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Are You Ready? OHIP+ Amendments Take Effect April 1st

The OHIP+ program, which has offered free prescription medication to all Ontarians under the age of 24 since January 1st, 2018, will undergo changes at the end of March.

Teens and young adults under the age of 24 with any form of private health benefits will no longer be eligible to receive free prescriptions through OHIP+, but for those who do not have a private plan, will continue to receive coverage for eligible prescription medications through OHIP+.

Children and youth 24 years of age and under who have a private plan will access prescription medications through their private plan, like they did prior to the launch of OHIP+ on January 1, 2018.

It ultimately means people will have to pay for what isn’t covered under their private plan.

How OHIP+ Will Impact Employers

Some of the cost will shift back to employers and they may have to take stock of their new situation to review their potential exposure.

Some insurance companies reduced premiums when OHIP+ was introduced – others did not. The ones that did looked at each group individually, then looked at the demographics and how claims have been for anyone under 24 in the last two years before they decided if they wanted to lower premiums

However, when plan sponsors approach the renewal process, they may see an increase in the cost of premiums as a result of the new changes to OHIP+, because there’s now a greater likelihood that through the claims of young adults and teens under 24, some employees will increase prescription drug claims and even potentially max out their coverage.

Why Health Spending Accounts Make This A Really Big Deal

The new regulations around all of this define a private plan as “any type of employer, group or individual plan, program or account that could (potentially) provide coverage for any drug product at all.”

That means a Health Spending Account is technically categorized as a private plan.

This is actually a huge deal because you can hit your maximum limits even if the HSA only provides a minimal amount of coverage, (for example $1,000 a year) which is not a lot when it comes to high drug costs.

If individuals have coverage with an HSA, they will rely on that hoping that:

  1. a) The plan fully covers the cost of the drug,
  2. b) Whether or not maximum limits have been reached under the plan,
  3. c) Whether or not the plan covers the particular drug at all.

What Is The Trillium Drug Program? 

This is where The Trillium Drug Program would kick in, because once maximum limits have been hit, a member won’t go into OHIP+, they would have to apply to the Trillium Program.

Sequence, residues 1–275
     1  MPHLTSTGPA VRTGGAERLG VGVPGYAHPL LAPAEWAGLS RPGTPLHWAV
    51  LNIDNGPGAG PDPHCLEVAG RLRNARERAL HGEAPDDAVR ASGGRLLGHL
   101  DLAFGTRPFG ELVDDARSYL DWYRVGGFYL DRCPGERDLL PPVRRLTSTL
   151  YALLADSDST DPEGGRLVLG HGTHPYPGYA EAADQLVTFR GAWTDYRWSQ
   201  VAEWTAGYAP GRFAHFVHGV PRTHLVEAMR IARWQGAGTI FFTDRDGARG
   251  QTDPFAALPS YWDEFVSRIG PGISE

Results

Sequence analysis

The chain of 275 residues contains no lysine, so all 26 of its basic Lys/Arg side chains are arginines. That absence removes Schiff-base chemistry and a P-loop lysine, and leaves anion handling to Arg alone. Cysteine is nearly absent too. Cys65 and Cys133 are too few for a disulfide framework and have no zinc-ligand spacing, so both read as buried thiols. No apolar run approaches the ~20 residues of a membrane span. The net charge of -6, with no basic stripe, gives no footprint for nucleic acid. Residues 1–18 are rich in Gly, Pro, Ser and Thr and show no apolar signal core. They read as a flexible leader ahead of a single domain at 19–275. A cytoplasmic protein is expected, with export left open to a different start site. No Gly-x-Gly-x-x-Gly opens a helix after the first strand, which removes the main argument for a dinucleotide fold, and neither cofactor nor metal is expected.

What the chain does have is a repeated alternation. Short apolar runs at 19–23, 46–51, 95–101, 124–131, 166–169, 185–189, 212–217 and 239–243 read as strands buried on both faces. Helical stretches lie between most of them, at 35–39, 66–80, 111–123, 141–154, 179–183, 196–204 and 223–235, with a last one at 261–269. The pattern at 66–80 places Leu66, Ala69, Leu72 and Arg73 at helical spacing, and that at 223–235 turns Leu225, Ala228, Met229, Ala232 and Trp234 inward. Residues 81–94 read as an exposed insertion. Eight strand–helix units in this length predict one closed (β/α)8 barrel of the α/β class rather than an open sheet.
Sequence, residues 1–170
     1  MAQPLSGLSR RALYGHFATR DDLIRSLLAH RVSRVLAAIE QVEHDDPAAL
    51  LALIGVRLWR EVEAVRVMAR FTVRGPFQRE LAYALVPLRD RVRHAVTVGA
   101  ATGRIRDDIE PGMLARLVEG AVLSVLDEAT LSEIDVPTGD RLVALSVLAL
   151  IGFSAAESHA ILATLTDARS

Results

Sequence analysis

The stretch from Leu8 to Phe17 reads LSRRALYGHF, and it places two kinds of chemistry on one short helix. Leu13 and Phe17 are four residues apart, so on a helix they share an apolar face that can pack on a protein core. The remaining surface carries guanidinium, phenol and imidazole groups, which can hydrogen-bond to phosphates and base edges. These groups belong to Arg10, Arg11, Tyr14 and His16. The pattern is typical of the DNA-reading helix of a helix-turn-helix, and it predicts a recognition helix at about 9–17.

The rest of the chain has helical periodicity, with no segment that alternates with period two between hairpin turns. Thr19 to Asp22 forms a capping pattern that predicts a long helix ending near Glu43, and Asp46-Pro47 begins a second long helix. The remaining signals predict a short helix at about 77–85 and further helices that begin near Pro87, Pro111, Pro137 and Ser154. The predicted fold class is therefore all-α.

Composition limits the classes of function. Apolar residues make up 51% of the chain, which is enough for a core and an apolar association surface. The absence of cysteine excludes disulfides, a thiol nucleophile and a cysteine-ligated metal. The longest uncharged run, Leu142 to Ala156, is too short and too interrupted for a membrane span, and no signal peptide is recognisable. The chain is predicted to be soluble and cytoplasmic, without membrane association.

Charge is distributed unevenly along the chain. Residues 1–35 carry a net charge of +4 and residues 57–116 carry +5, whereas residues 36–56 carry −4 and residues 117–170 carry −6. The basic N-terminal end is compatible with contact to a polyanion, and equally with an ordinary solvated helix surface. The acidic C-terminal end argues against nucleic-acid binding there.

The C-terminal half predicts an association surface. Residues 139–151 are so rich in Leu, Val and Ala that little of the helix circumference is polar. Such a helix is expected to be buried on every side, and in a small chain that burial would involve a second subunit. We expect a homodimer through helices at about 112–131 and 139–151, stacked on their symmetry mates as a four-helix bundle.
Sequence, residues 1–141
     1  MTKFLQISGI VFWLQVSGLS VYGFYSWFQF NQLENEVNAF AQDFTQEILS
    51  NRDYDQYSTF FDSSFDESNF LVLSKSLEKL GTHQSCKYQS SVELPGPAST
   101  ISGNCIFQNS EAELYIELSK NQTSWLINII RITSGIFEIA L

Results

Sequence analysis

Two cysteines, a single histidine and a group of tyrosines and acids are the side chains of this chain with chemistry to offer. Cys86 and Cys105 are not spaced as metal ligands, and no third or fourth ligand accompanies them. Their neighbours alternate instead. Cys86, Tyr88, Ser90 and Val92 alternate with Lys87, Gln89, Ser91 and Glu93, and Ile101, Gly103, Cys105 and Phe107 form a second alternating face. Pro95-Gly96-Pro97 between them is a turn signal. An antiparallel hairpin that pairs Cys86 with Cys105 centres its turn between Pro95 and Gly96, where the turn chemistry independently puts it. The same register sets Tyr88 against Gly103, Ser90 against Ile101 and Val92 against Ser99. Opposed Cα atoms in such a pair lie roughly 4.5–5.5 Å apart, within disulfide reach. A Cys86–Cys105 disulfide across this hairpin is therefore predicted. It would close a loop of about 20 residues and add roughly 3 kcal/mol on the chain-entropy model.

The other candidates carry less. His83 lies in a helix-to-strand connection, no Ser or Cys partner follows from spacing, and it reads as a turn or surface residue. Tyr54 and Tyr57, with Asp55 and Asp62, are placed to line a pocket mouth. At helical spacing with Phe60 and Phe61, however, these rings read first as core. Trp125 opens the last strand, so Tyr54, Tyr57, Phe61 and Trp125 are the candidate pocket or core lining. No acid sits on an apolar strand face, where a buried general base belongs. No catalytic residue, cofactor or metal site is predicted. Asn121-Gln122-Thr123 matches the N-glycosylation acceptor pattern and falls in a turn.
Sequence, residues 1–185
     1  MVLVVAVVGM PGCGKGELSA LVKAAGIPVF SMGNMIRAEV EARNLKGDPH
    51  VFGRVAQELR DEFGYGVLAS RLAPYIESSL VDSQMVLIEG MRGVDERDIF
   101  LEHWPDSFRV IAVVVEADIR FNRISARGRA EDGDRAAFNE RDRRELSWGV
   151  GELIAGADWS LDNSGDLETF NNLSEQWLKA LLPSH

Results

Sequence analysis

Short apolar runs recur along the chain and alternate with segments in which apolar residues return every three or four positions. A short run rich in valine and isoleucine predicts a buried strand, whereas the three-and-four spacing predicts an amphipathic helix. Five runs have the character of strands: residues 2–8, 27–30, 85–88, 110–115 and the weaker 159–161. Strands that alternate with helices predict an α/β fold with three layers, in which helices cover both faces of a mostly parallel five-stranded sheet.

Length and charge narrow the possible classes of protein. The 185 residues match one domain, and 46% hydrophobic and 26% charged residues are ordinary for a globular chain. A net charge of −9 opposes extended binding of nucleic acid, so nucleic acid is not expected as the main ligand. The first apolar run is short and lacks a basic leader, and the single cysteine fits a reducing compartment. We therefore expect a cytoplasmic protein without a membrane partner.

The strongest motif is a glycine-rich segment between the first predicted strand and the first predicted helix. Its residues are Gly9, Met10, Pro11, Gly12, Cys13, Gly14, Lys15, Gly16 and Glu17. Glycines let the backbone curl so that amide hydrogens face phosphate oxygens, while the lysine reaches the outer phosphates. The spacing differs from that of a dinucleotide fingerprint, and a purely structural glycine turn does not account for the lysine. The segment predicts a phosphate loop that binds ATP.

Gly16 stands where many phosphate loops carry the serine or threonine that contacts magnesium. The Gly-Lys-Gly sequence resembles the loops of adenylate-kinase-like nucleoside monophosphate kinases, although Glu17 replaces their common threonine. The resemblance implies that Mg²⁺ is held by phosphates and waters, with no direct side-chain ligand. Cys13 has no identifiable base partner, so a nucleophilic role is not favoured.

This an annual provincial government program for residents of Ontario who have a valid Ontario Health Card and spend a large part of their income on prescription medications.

Individuals or families in Ontario who experience significant out- of-pocket expenses can apply to the Trillium Program for consideration of excess out-of-pocket costs.

The Trillium Drug Program hasn’t been touched amidst all of this, and is available to all OHIP-insured Ontarians who have high prescription drug costs compared to their household income.

The big difference is that OHIP+ does not have a deductible, whereas The Trillium Drug Program has a deductible of your take-home household income payable in quarters – which can be pricey.

For example, if a household income is clearing $120,000, you will have to pay 4% of that – so $1,200 will be paid out of pocket each quarter.

Why Is This Rollback Being Done?

The Ontario government expects that these changes will save the province an estimated $250 million a year, and these changes are all part of their plan to find “efficiencies” and to reduce government spending. These changes are to make the program more “cost effective” and will now focus on Ontario residents who don’t have existing prescription drug benefits.

The problem is that this has been rolled out way too quickly without thinking it all the way through.

Final Notes:

  • Those with prescription drug coverage under a private plan will access prescribed medicines through their private plan, as they did prior to the launch of OHIP+
  • Those with no private coverage remain eligible for drug coverage under OHIP+. They will continue to receive benefits from the Ontario Drug Benefit program with no co-payments or deductibles.
  • A Health Spending Account is considered a private plan.

There may be other impacts to consider. Talk to your broker about your potential exposure and what you can do to mitigate unexpected costs.